|Hellraiser - Deader|
|Written by Abbie Bernstein|
|Tuesday, 07 June 2005|
“Hellraiser: Deader,” aka “Hellraiser 7,” is a reasonably decent “Hellraiser” film, which is to say it is grim, bloody and drifts a bit. The problem with most of the “Hellraiser” movies (this one included) is that they omit a key factor from the Clive Barker novella “Hellbound” that inspired it: you can’t figure out why the characters think getting themselves into these predicaments is a good idea in the first place.
In this latest installment in the “Hellraiser” series, expatriate American journalist Amy Klein (Kari Wuhrer), working for a London tabloid, is summoned by her editor Carl (Simon Kunz) to investigate a disturbing videotape. The action appears to show a young woman urged into gory suicide – and then coming back from the dead. Amy heads to Bucharest, the alleged source of the tape, and finds a cult of “deaders.” Amy’s own troubled background makes her ripe for recruitment, but her problems don’t stop there – she encounters a very strange little box …
“Hellraiser” fans will recognize the box as the Lament Configuration, which summons Pinhead (Doug Bradley, essaying the character for the seventh time) and his gang of Cenobites, who really get the gore going. The film is bigger on creepy atmosphere and bloody spectacle – both of which it handles remarkably well on a tight budget – than on actual scares, though it boasts a few good shocks. The screenplay by Neal Marshall Stevens and Tim Day is a hybrid that started (in Stevens’ original draft) as a non-“Hellraiser” film – the other version may have shown more of the appeal of the resurrection cult. At least the cult’s leader, Winter (Paul Rhys), is given a reason (which we know to be wrongheaded, even if he doesn’t) to want the box – there just doesn’t seem to be any upside to being one of his followers. The film does make a point of showing a variety of self-destructive paraphernalia throughout, as though trying to draw parallels between the Deaders and heroin addicts, but addicts at least get a rush, whereas the Deaders seem to just get their worst nihilistic moods reinforced.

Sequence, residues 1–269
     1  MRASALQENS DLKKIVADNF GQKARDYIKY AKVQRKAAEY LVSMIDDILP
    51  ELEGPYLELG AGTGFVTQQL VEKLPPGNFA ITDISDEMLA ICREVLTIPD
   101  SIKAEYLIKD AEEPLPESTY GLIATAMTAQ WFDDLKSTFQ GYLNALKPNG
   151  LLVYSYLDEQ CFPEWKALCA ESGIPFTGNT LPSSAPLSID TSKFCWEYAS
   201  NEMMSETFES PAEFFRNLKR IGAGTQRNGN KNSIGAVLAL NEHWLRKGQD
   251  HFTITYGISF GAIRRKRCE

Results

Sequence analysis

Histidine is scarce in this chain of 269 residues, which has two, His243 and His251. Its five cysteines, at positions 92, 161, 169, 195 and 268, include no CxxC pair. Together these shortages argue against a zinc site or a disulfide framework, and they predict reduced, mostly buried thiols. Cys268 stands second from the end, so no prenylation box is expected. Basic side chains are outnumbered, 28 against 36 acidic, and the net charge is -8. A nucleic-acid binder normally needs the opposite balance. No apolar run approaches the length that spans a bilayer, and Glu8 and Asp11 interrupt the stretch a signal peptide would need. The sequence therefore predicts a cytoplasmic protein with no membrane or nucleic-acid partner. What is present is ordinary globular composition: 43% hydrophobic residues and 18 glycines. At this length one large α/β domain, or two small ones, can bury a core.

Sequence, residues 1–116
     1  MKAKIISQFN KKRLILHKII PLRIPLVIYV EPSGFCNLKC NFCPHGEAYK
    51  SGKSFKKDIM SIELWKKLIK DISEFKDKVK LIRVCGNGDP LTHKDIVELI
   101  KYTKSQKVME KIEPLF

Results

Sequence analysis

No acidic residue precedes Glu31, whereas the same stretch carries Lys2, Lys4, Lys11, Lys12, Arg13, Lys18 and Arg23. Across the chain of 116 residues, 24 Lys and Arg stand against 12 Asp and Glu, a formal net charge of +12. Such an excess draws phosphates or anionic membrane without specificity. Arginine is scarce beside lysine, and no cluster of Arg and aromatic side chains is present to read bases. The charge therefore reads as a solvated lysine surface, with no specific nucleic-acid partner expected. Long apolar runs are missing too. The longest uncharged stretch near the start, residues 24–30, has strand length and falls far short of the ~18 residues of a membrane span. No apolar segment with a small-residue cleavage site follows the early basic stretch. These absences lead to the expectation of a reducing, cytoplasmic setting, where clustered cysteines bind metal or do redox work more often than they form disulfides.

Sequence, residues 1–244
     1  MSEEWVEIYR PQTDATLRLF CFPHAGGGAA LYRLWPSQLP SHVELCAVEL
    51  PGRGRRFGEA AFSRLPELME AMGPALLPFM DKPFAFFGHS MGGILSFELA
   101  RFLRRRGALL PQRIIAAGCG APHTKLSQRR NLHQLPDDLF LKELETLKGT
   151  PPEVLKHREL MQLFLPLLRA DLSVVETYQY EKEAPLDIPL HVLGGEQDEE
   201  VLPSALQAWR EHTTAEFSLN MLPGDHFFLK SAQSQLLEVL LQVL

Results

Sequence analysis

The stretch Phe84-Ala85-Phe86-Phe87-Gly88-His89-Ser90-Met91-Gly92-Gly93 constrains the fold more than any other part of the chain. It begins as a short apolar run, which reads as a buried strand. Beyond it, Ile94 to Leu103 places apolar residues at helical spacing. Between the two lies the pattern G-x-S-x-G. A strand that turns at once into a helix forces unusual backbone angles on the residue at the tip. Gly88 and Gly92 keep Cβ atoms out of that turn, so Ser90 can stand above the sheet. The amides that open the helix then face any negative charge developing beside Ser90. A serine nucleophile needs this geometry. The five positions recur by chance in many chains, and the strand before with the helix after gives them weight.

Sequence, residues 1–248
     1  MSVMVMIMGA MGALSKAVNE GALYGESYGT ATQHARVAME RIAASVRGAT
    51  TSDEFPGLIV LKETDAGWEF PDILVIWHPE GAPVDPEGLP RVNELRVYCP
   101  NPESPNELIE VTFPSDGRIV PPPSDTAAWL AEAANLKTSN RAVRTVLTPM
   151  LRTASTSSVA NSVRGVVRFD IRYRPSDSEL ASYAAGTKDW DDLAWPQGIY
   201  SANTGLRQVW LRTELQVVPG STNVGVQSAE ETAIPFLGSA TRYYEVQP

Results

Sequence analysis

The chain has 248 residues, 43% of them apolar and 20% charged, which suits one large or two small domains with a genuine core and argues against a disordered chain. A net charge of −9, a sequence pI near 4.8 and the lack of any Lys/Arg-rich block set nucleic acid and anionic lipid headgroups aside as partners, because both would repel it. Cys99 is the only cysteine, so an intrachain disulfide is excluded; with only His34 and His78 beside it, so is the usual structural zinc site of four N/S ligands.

Director Rick Bota gets steady, good performances from his cast and creates a strong, grim look, especially in a more horrific than usual (even for one of these) sequences with a semi-fresh corpse in Chapter 4. The 5.1 mix uses surround to put some creepy sounds behind as well as in front of us, though there are no discrete effects as such.
The disc comes with two commentary tracks, one with director Bota and actor Bradley, who have a nice rapport and chat insightfully about judicious use of Pinhead, and another with director Bota and special effects supervisor Gary J. Tunnecliffe, which is agreeable and informative. A making-of featurette consists mainly of interviews with Bota and actress Wuhrer. Perhaps the most notable item on the disc is the featurette on visual effects, headed up by CGI supervisor Jamison Goei – it’s one of the most informative and detailed of its kind (if you don’t mind heavy-duty splatter as part of the visuals).
“Hellraiser: Deader” is oddly faithful to its ethos – it’s a bleak, bloody supernatural tone poem that makes just enough narrative sense to be very dark. It doesn’t add anything new to the horror discussion, but it does know how to strike a pose.